Election 2010

Australian Federal Election polling boothsLast Saturday I helped out at one of the polling booths for the Federal Election – the one at Putney Primary School for the division of Bennelong to be precise. I never used to be interested in politics; maybe thinking about having kids puts one in the frame of mind of thinking about the socio-economic environment we live in. And then of course there was the National Broadband Network.

I got roped into it because the officer-in-charge, one of my wife’s colleagues at the Salvo’s, was worried that they’d be short staffed and Jenny and a couple of her other colleagues agreed to sign up. Several more people turned up than were expected, maybe about 15 of us in total (not including the party spruikers outside), but that ended up being a blessing in disguise.

Jenny and I, and a guy named Charles were in charge of the Declaration votes – kinda like the “odd jobs” queue for people from other electorates, people whose names weren’t on the official roster, etc. The day started at around 7:15am when we arrived to help with the final set up of the booth (most of it had already been done the previous night by the officer-in-charge). People already started rocking up by about 7:30am, wanting to get the chore out of the way and not realising that polling didn’t begin until 8am.

So when we unlocked the doors, there was already a queue of people. Throughout the morning, the queue just kept growing and growing, to the point that it snaked its way out from the entrance out onto the street. I’m not 100% sure how many people there were in total, but judging by the count (more about that later), we would’ve processed in excess of 3,000 that day. The polls were open for 10 hours (from 8am – 6pm), which means that we processed on average 5 people a minute. The queue was long through most of the day and we had a lot of people who were irate at having spent half an hour or more minutes waiting in line. It only relented sometime around 5 – 5:30pm. It was a good thing that we had the extra hands otherwise none of us would’ve been able to take a break.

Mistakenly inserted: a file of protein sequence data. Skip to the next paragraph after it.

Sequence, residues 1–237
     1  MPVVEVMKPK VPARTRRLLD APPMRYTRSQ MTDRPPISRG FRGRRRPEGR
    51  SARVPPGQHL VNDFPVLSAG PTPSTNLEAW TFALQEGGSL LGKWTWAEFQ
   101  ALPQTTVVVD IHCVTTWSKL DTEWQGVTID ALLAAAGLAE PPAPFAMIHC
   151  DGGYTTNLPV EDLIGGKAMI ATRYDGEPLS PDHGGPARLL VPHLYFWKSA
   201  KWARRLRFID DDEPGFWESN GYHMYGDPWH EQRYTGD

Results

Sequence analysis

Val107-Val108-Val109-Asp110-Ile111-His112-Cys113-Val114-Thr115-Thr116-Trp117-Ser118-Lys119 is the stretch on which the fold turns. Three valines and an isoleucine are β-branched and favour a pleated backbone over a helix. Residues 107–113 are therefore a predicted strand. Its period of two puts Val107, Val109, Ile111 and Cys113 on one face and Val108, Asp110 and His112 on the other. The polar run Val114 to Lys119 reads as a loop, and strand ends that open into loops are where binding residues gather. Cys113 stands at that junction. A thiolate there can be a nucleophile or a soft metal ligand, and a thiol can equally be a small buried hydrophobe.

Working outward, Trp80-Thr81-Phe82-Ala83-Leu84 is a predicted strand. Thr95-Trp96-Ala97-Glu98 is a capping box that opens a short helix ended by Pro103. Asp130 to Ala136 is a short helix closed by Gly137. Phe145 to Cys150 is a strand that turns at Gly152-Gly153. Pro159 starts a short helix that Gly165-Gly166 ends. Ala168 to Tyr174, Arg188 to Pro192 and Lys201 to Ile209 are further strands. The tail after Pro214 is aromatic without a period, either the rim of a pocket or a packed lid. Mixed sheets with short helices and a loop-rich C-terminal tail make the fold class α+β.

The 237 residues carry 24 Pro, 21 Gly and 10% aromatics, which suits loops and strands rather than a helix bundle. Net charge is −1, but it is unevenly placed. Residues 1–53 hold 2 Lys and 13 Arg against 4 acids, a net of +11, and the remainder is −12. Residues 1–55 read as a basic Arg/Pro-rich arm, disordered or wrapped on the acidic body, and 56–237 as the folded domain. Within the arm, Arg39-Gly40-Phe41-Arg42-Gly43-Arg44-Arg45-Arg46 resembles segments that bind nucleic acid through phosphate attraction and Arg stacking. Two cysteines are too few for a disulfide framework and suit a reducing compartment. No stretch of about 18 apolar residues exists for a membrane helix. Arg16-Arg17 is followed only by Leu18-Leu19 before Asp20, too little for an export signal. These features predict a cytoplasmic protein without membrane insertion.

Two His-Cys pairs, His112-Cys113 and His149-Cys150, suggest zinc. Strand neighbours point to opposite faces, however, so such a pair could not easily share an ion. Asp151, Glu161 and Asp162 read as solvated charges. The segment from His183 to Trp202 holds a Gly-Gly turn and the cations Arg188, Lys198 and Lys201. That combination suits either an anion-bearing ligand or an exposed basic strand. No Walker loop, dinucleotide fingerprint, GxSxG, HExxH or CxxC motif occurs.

Speaking of breaks, after 6pm, there were none. The counting process began immediately after polling closed, with the spruikers coming in from outside to act as “scrutineers”. They themselves were not allowed to touch the ballot papers; only to watch and ensure that nothing improper happened during the counting of the House of Representative ballot papers (not sure why they didn’t bother with the Senate). On our part, the three of us “Dec’s” sorted through the votes cast for the other electorates, to be sent on for inclusion in their final tallies. After all that was done, the whole team went on to count and sort the “tablecloths”. The above-the-line votes had to be counted towards the primary vote, but the below-the-line would presumably be sent somewhere for computers to determine the 2-party preferred calculations.

Jenny says that she saw at least one obligatory penis drawing in amongst the informals (the ones where the voter didn’t provide a valid vote); I didn’t come across any – not that I’m disappointed or anything; just surprised at how well behaved people were overall. Then again, we were in Putney and not some boganville out West. Counting continued until at least 10pm, and the sorting, securing and packing until nearly 11pm. All I remember of the counting was that for the Senate, our location recorded 1500+ for the Liberals, against 720 for Labor. I can’t remember how many the Greens got, not that it mattered anyway. It was clearly Liberal all the way for the good folk of Bennelong.

On Sunday, we rested. And rested. I never would’ve imagined that it’d be possible to get that tired from sitting down all day, and sorting through bits of paper all night. For all that, we got paid $339.83 for the day itself, and $51.14 for the online training that we had to complete prior to the day – before tax. Was it worth it? Not for the money, that’s for sure. It was an interesting and highly educational experience, but not one that I’m keen to repeat again.